observations of the court may be noted:

“25. In the instant case, the partnership firm had purchased
the property under a registered sale deed in the name of the
firm. The property did not stand in the name of any
individual partners. No individual partners brought that
capital asset as capital contribution into the firm. Five
partners brought in cash by way of capital when the firm
was reconstituted on April 28,1993. Nearly a year thereafter
on April 1,1994, by way of retirement, the erstwhile three
partners took their share in the partnership asset and went
out of the partnership. After the retirement of three partners,
the partnership continued to exist and the business was
carried on by the remaining five partners. There was no
dissolution of the firm or at any rate there was no
distribution of capital asset on April 1,1994, when the three
partners retired from the partnership firm. What was given
to the retiring partners is cash representing the value of their
share in the partnership. No capital asset was transferred
on the date of retirement under the deed of retirement deed
dated April 1,1994. In the absence of distribution of capital
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asset and in the absence of transfer of capital asset in
favour of the retiring partners, no profit or gain arose in the
hands of the partnership firm. Therefore, the question of the
firm being assessed under Section 45(4) and charging them
tax for the profits or gains which did not accrue to them
would not arise.

26. It was contended on behalf of the revenue that the five
incoming partners brought money into the firm. Three
erstwhile partners who retired from the partners on April 1,
1994, took money and left the property to the incoming
partners. It is a device adopted by these partners in order to
evade payment of profits or gains. As rightly held by this
Court in Gurunath’s case (supra) it is taxable. This argument
proceeds on the premise that the immovable property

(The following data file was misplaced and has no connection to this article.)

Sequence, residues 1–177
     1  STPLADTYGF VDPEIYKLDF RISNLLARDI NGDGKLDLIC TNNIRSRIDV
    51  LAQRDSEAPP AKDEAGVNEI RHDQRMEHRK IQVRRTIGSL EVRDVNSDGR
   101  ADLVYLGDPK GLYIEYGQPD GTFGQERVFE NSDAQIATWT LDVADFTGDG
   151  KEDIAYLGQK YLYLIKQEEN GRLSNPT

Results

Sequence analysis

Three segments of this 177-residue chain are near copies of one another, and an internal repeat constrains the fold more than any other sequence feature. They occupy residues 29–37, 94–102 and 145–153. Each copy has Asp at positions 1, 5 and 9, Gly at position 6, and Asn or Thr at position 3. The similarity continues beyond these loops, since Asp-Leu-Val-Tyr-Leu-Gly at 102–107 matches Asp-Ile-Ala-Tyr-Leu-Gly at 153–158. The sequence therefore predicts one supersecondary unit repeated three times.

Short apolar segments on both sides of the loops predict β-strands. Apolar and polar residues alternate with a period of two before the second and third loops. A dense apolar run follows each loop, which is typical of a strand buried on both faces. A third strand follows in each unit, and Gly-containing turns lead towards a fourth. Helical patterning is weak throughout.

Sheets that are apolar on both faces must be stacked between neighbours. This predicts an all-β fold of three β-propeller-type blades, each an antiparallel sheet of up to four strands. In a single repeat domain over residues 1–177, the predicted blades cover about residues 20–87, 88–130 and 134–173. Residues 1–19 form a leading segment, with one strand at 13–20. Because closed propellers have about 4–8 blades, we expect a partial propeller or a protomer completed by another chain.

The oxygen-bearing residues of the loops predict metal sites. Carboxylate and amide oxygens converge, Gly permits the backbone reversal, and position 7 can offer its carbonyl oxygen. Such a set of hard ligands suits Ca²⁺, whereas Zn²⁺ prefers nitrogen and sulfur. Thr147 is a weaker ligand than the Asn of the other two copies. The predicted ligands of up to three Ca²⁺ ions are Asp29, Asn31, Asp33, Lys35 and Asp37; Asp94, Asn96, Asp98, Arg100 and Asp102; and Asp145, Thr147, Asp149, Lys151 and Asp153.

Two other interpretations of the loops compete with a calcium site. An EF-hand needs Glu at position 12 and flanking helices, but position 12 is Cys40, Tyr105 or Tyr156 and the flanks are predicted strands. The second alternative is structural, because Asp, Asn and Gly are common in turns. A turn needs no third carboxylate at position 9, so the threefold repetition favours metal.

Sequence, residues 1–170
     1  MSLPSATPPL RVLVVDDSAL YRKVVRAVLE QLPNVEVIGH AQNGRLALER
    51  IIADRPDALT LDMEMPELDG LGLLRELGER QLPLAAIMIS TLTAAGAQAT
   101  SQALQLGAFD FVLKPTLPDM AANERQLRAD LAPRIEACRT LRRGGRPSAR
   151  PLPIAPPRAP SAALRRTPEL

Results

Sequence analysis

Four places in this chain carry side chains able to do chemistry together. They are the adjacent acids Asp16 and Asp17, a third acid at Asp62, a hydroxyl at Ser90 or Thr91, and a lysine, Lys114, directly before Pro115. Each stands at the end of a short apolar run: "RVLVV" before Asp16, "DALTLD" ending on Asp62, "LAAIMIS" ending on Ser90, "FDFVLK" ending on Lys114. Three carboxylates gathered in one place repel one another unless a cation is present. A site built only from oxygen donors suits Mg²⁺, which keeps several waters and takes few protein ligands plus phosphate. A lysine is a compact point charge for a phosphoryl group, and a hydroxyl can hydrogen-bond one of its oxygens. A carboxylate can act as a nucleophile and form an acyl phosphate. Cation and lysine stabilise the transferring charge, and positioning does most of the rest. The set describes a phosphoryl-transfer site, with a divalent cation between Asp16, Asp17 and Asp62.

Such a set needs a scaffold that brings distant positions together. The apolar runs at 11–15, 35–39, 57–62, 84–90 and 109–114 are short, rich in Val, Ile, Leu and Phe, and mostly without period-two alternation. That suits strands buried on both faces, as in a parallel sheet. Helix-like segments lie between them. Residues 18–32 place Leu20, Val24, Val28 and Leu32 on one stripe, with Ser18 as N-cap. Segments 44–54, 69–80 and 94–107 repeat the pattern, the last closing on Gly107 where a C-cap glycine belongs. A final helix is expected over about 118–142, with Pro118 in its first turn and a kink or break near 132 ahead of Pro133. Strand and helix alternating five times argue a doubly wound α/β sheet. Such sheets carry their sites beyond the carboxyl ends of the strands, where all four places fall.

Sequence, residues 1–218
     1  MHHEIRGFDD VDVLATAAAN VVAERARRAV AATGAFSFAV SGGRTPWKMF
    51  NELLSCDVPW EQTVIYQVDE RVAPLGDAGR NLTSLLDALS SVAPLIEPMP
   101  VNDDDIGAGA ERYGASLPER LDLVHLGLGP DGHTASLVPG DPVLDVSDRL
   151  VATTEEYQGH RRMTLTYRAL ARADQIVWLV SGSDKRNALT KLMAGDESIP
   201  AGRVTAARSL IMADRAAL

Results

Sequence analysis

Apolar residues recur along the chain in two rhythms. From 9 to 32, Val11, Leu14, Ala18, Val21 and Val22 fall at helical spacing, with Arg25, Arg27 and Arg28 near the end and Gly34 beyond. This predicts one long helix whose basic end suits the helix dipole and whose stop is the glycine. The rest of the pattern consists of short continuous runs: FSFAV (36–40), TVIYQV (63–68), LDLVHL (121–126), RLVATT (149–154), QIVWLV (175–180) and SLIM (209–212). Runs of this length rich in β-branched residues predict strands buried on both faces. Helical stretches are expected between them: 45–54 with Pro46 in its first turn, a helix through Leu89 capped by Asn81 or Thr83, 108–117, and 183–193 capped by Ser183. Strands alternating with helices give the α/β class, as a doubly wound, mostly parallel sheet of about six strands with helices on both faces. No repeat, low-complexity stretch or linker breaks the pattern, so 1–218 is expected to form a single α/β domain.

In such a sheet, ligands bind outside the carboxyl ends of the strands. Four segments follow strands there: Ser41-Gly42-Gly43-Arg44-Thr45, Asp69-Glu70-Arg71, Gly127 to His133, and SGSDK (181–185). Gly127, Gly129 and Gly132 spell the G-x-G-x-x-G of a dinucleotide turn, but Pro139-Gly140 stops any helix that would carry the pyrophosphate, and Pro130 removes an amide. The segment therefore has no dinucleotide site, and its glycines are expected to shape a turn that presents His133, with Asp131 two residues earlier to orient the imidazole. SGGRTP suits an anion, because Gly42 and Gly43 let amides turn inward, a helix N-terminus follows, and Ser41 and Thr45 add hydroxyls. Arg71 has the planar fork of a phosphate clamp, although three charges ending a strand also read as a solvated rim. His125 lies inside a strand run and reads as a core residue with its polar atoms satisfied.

belongs to the erstwhile partners and that after the
retirement the erstwhile partners have taken cash and given
the property to the incoming partners. The property belongs
to the partnership firm. It did not belong to the partners. The
partners only had a share in the partnership asset. When
the five partners came into the partnership and brought cash
by way of capital contribution to the extent of their
contribution, they were entitled to the proportionate share in
the interest in the partnership firm. When the retiring
partners took cash and retired, they were not relinquishing
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their interest in the immovable property. What they
relinquished is their share in the partnership. Therefore,
there is no transfer of a capital asset, as such, no capital
gains or profit arises in the facts of this case. In that view of
the matter, Section 45(4) has no application to the facts of
this case.
29. In the instant case, the partnership firm did not transfer
any right in the capital asset in favour of the retiring partner.
The partnership firm did not cease to hold the property and
consequently, its right to the property is not extinguished.
Conversely, the retiring partner did not acquire any right in
the property as no property was transferred in their favour.
The Division Bench in Gurunath’s case (supra) did not
appreciate this distinguishing factor and by wrong
application of the law laid down by the Bombay High Court
held the assessee in that case is also liable to pay capital
gains tax under Section 45(4). Therefore, the said judgment
does not lay down the correctlaw”.
8 The issue is thus similar to one considered by the Full Bench
of Karnataka High Court and with which we are in respectful
agreement. The decision of this Court in the case of A. N. Naik
Associates (Supra) was rendered in slightly different background.
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Central question was, would Section 45(4) apply even if there was no
dissolution of the firm. Issue of transfer of capital asset was not the
focal point. In the present case, admittedly there was no transfer of
capital asset upon reconstitution of the firm. All that happened was
the firm’s assets were evaluated and the retiring partners were paid
their share of the partnership asset. There was clearly no transfer of
capital asset. Revenue has not argued that the reconstitution of the
firm was a colourable device to avail tax liability.
9 In the result, we do not find any error in the view of Tribunal.
10 Income Tax Appeal is dismissed.
[SARANG V. KOTWAL, J.] [AKIL KURESHI, J.]
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One comment on “PCIT vs. Electroplast Engineers (Bombay High Court)